• Verbosity – General, Critical Errors, Errors, Warnings, Information and Verbose. The more verbose it is, the more information you get. I recommend the most, unless you know specifically what you are after.
    • Area – Limit the log to a specific module handling the request

Have a read of this article here that explains how to troubleshoot a request that uses Url Rewrite. It illustrates selecting only a specific Provider and Area so that you get only the information you are after.


Figure 8, Failed request tracing providers, verbosity and areas

Complete the configuration of the rule by pressing the Finish button. Figure 9 shows that the rule is now configured, but note, that although the rule is configured, it is no enabled.


Figure 9, failed request tracing rule configured but not enabled

To enable the Failed Request Tracing rule, click on the web site where you want to capture the trace and click on the Failed Request Tracing… link in the action pane, as shown in Figure 10.


Figure 10, enable the Failed Request Tracing for the web site

Notice that the tracing is not enabled. Click on the Enable checkbox and then OK, to enable the tracing. Notice that the location in which the logs are written and the maximum number files are configurable. By default the maximum number of files is set to 50. This means that the 51st trace will overwrite the 1st so make sure to set that value appropriately.

Capture and review the Failed Request Trace

Browse to the CSharpGuitarBugs website you created in Lab 1 here, as shown in Figure 11 and click on the Full Catalog – ASPX link.


Figure 11, the CSharpGuitarBuggs buggy website, slow running request, all products

This requests takes some time, over 10 seconds in this case and a Failed Request Trace log is created, as shown in Figure 12.


Figure 12, a failed request trace

Right-click on the fr000*.xml file -> Open with -> Internet Explorer to view the trace, as shown in Figure 13.


Figure 13, Failed Request Tracing output

Notice that the Time Taken is greater that 10 seconds as per the rule and that the request was made to an ASPX file, which is an ASP.NET Webform page. Failed Request Tracing is best for troubleshooting ASP.NET Webforms performance issues. Click on Compact View and scroll down, keeping an eye on the Time column. Points to look for:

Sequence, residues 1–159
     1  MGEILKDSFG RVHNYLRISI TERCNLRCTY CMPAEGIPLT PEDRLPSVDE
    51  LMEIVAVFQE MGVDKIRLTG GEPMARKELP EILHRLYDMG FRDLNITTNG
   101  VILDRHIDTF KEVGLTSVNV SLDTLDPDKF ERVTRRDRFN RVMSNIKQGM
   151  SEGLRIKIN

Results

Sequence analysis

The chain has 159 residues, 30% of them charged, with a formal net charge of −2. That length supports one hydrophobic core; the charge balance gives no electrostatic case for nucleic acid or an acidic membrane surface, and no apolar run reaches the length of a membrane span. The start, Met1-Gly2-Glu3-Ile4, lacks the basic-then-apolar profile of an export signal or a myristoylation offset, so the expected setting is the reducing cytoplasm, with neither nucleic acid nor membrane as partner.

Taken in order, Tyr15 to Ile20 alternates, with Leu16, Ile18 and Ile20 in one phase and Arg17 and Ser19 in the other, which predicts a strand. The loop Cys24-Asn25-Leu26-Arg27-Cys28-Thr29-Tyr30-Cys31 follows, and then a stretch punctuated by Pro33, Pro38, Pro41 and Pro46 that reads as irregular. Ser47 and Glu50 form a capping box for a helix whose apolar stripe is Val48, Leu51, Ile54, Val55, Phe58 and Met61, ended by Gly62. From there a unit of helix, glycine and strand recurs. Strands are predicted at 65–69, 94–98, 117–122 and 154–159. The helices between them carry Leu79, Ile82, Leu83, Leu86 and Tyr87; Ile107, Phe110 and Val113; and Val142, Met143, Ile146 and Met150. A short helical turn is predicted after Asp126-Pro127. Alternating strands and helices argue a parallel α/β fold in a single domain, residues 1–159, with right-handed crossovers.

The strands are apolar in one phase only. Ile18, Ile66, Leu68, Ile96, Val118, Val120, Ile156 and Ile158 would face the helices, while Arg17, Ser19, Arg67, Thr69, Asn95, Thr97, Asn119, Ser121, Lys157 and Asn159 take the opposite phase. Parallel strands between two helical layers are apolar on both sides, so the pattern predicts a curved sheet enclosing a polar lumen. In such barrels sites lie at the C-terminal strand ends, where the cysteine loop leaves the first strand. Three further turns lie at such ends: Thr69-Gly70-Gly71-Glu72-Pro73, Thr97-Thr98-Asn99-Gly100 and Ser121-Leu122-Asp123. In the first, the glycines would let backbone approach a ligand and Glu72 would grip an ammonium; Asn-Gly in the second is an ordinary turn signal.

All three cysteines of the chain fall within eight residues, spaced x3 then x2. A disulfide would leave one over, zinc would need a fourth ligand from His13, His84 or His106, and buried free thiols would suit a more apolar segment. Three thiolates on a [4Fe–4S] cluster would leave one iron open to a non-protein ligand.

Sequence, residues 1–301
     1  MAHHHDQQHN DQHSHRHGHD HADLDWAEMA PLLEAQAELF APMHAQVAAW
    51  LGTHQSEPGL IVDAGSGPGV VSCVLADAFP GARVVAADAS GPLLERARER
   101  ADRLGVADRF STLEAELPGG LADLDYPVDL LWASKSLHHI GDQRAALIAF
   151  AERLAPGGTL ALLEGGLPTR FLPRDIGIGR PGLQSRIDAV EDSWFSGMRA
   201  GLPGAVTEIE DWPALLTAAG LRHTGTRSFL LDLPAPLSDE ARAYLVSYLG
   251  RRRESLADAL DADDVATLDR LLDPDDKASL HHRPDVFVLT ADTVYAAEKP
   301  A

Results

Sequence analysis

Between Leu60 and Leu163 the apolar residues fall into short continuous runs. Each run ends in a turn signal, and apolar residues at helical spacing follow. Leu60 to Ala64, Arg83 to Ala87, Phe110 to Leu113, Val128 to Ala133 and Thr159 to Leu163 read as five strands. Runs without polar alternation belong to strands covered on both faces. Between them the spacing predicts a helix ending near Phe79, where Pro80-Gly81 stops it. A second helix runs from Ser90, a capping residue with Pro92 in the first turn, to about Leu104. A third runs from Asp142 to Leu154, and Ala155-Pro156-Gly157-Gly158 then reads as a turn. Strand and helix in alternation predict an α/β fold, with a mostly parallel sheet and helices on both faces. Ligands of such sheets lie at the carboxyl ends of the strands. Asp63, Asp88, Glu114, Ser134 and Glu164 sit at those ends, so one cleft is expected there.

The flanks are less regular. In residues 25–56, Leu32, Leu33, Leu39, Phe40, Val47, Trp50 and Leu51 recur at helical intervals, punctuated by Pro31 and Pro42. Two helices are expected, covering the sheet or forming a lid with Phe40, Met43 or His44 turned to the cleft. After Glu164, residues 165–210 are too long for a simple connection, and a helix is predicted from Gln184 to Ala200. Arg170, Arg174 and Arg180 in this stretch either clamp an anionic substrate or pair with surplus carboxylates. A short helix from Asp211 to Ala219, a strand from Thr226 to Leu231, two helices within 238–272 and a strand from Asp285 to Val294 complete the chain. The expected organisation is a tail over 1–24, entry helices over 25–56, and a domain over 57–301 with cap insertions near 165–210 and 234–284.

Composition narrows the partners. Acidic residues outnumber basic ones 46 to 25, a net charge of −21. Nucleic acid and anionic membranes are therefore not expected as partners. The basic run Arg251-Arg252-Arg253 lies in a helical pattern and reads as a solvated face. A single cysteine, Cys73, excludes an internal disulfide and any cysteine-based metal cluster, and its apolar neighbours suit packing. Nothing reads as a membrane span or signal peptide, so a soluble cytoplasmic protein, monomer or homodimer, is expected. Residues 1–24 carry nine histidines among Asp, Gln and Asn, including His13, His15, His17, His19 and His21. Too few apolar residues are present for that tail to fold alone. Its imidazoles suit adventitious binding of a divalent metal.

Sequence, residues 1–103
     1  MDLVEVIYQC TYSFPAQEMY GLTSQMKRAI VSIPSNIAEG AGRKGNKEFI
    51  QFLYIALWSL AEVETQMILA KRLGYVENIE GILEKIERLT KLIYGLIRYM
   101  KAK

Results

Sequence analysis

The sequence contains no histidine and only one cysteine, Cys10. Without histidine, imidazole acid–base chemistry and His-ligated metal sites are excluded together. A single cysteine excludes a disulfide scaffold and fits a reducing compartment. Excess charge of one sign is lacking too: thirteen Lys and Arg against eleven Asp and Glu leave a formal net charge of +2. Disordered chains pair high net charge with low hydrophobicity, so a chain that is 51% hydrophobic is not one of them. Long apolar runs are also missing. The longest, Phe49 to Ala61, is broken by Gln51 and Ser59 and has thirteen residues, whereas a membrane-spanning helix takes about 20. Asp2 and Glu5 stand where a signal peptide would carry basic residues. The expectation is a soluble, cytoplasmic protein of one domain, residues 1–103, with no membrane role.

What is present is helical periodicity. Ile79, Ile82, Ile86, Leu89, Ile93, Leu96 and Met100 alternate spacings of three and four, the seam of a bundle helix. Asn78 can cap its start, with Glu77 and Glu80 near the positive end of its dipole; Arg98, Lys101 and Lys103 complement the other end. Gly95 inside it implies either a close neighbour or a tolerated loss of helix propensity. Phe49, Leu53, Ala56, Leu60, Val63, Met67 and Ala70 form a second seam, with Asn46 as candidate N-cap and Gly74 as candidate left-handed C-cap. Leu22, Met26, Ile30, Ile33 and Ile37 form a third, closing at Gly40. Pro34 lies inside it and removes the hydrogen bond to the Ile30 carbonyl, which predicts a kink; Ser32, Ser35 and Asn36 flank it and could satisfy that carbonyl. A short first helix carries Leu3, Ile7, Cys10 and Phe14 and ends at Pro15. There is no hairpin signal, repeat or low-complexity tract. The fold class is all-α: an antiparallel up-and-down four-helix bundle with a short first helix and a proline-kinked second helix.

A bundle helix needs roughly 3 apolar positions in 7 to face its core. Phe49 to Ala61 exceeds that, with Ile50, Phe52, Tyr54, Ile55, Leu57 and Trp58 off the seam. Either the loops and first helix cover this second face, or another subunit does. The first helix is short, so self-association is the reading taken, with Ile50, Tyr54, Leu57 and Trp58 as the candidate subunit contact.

• Look for differences in the Time column, this is where you can pinpoint where in the request pipeline the time has been spent,for example, if in row 10 the time was 10:54:15 and in row 11 the time was 10:54:22, then you would look at what was happening in row 10 to see why it took so long
  • Look at the end of the log, as shown in Figure 14. Once the time taken threshold has been breached, the Failed Request Tracing log is written. Therefore, if what took place in row 136, up to this point, has taken longer than the threshold then, or took longer itself, then the log is written before the request is completed.


Figure 14, failed request trace log example

Also note as shown in Figure 14 that some of the ASP.NET Webform events are shown in brackets. For example, the AspNetPagePreInitEnter/Leave in row 132-133 correspond with the Page_PreInit() method, the AspNetPageInitEnter/Leave on row 134/135 which corresponds to the Page_Init() and where the log stops being written on line 136 is the AspNetPageLoadEnter (notice there is no Leave) which corresponds to the Page_Load() method. Therefore, this is the method you would look at to determine why the request is taking more time than expected. Perhaps it contains some nested loops, poorly written SQL queries or a call to an external service which is responding slow. Check the code in that method.